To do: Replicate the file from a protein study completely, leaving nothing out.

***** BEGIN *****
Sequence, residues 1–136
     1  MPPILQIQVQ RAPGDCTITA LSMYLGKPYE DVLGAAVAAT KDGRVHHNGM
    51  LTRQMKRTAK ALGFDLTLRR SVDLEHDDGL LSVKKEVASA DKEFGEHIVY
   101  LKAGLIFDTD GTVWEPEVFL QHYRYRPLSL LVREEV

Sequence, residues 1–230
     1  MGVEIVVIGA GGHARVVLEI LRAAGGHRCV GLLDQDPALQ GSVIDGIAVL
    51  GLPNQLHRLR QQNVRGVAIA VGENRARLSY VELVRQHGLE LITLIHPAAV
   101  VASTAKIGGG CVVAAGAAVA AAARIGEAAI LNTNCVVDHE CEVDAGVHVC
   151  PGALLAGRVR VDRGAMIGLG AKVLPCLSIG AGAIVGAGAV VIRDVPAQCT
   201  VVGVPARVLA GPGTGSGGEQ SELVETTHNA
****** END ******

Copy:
Sequence, residues 1–136
     1  MPPILQIQVQ RAPGDCTITA LSMYLGKPYE DVLGAAVAAT KDGRVHHNGM
    51  LTRQMKRTAK ALGFDLTLRR SVDLEHDDGL LSVKKEVASA DKEFGEHIVY
   101  LKAGLIFDTD GTVWEPEVFL QHYRYRPLSL LVREEV

Sequence, residues 1–230
     1  MGVEIVVIGA GGHARVVLEI LRAAGGHRCV GLLDQDPALQ GSVIDGIAVL
    51  GLPNQLHRLR QQNVRGVAIA VGENRARLSY VELVRQHGLE LITLIHPAAV
   101  VASTAKIGGG CVVAAGAAVA AAARIGEAAI LNTNCVVDHE CEVDAGVHVC
   151  PGALLAGRVR VDRGAMIGLG AKVLPCLSIG AGAIVGAGAV VIRDVPAQCT
   201  VVGVPARVLA GPGTGSGGEQ SELVETTHNA